Now, however, this demo has questioned our certainties, because the story could take a completely different turn and make Hyrule Warriors a narratively autonomous title, albeit set in the same imagery as Breath of the Wild. It's a clever solution, in some ways, because it gives writers plenty of room to maneuver, as well as the ability to wow fans with unexpected twists, while better telling the charismatic Champions that the cinematics of Breath of the Wild had just sketched out. Furthermore, the trick of the time portal does not even prevent the introduction of characters and villains from other timelines into the story, even if only as a simple fanservice ... perhaps in the form of DLC. Now we are very curious to find out what will happen in the story, but we can't help but have a bit of mistrust: will they manage not to mess it up?

The gameplay

We are much less wary of gameplay which, Joy-Con in hand, turned out to be even more convincing than we thought after watching the various trailers over the months. Hyrule Warriors: Age of Calamity remains a basic musou, so don't expect who knows what complexity in terms of controls and combat system; however, the influence of Breath of the Wild feels tremendous in many ways that we couldn't help but appreciate. Chapter 1 in the demo includes a few missions, two main ones that continue the story and a couple of optional ones to unlock on the map after solving the optional tasks. The latter are simple and intuitive: they appear on the Hyrule map - inspired by the one we opened in Breath of the Wild - in the form of icons and it takes a few seconds to complete them, usually by delivering the ingredients and materials collected during the actual missions. By doing so, you learn new combos, power up characters who earn additional hearts, and unlock various services such as the blacksmith, kitchen, grooms and so on.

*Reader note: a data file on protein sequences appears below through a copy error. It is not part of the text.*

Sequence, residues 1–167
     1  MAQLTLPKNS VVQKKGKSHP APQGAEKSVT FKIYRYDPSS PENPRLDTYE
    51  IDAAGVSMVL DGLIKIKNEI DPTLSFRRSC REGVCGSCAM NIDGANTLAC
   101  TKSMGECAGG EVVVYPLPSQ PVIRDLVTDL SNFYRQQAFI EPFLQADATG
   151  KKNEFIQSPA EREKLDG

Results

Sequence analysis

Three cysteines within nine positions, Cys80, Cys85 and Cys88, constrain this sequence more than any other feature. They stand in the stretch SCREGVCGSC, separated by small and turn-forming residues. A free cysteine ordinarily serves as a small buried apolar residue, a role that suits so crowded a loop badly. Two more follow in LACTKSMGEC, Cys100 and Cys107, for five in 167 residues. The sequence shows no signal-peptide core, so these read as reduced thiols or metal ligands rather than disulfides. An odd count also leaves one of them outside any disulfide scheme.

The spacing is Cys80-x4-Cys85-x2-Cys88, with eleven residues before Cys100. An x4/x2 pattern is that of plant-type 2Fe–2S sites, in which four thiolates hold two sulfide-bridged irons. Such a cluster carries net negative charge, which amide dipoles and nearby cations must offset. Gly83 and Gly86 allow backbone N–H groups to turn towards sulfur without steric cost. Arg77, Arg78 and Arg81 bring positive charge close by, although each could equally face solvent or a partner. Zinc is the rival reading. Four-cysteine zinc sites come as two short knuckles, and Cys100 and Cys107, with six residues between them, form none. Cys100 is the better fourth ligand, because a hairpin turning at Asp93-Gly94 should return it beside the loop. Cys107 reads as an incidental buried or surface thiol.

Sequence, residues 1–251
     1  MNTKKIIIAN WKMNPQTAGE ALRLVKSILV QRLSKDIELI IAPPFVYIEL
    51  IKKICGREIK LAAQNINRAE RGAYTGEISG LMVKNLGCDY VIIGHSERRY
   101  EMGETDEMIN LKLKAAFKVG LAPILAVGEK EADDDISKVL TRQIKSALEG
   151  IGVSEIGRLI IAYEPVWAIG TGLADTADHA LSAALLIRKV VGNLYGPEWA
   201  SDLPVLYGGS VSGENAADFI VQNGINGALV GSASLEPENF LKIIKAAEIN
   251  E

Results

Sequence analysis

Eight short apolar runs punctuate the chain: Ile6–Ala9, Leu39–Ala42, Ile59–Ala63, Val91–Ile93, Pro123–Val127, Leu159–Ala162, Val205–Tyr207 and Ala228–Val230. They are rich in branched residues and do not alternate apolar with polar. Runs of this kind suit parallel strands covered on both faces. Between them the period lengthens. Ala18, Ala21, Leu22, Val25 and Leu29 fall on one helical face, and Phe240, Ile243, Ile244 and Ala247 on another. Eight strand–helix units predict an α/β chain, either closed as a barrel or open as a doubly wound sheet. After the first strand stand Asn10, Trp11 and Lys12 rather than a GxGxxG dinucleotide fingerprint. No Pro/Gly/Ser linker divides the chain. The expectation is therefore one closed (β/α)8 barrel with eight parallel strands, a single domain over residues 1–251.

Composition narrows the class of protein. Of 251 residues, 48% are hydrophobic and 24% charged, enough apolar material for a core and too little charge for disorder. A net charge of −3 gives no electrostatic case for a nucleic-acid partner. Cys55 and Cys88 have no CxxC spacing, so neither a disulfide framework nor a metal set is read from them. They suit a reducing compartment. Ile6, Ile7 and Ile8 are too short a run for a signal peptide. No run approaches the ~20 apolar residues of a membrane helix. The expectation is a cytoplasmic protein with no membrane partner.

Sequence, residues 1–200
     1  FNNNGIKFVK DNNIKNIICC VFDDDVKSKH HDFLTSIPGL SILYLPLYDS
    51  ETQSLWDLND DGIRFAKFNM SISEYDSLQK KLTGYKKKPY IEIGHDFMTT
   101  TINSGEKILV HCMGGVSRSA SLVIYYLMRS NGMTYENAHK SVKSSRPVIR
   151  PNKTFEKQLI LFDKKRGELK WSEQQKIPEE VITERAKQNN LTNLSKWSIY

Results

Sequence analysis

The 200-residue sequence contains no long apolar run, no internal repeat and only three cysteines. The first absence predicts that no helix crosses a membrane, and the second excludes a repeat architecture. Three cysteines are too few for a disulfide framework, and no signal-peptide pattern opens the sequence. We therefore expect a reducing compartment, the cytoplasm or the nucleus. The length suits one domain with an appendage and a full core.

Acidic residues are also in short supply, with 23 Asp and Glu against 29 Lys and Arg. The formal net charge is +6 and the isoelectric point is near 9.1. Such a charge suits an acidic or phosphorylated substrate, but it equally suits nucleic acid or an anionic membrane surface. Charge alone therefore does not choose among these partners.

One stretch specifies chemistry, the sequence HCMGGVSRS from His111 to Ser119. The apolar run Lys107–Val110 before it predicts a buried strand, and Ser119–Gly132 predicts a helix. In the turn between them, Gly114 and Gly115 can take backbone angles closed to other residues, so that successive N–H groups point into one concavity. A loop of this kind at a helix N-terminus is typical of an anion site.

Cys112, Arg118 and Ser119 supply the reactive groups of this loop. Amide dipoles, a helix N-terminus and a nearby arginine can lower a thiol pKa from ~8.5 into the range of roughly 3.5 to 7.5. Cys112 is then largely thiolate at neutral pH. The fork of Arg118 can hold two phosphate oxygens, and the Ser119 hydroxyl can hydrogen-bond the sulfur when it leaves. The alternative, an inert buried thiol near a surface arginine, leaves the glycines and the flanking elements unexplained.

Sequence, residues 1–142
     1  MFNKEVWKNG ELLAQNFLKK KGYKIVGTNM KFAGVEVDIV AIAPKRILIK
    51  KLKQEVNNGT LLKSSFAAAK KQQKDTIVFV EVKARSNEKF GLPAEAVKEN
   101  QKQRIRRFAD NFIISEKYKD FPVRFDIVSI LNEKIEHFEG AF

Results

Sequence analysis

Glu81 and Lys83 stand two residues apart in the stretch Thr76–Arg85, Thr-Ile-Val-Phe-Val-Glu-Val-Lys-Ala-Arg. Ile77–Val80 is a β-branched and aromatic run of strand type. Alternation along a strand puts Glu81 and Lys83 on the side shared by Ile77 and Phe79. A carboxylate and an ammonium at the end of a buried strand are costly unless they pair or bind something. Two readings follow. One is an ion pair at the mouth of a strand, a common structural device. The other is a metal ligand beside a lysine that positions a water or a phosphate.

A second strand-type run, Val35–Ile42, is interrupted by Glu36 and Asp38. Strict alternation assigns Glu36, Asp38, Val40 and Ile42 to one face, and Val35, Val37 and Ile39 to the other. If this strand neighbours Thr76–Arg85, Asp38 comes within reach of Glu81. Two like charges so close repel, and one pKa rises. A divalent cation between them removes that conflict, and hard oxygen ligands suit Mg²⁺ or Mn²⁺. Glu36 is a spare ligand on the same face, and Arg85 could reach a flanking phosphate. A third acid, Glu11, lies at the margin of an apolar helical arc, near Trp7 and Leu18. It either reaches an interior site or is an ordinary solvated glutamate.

The missions in Chapter 1 take place in maps large, extrapolated from the open world scenarios of Breath of the Wild, and allow you to play as Link, Impa and Zelda, which at some point we can also exchange on the fly during the game. The characters differ significantly in terms of attacks and fighting styles, and the demo also allowed us to better understand the functioning of the Sheikah Tablet which, in reality, is an alternative repertoire that changes from character to character. Take, for example, the Rune Bomb: if we use it with Link, the latter will throw a series of bombs at the point where we aim; Impa, on the other hand, will materialize one that hits an entire area in a moment; Zelda, for its part, calls a guardian who we can temporarily control while scattering bombs all around. Each Rune - Glacyor, Stasis, Magnesis and Bomb - behaves differently depending on the character, although they have some rather important common functions.

If common enemies generally remain helpless to be beaten as in traditional musou , bosses and minibosses represent a more challenging threat that we can weaken or counter just using the Runes. For example, some enemies could charge us, and we just need to use the Glacior rune to materialize a wall of ice that they will crash against, remaining stunned for long enough to land some nice combo. Runes interact differently with the environment, but the same goes for the magic wands that drop the Shaman, and then Glacior can freeze and slow down all enemies that are in a pool of water, while the electric wand can electrocute them, whereas fire damage not only deals area damage, but sets a fire to the surrounding grass, spreading the damage to larger areas. Each time these skills are recalled with the appropriate key combinations, time slows down giving us a few moments to choose the targets more strategically.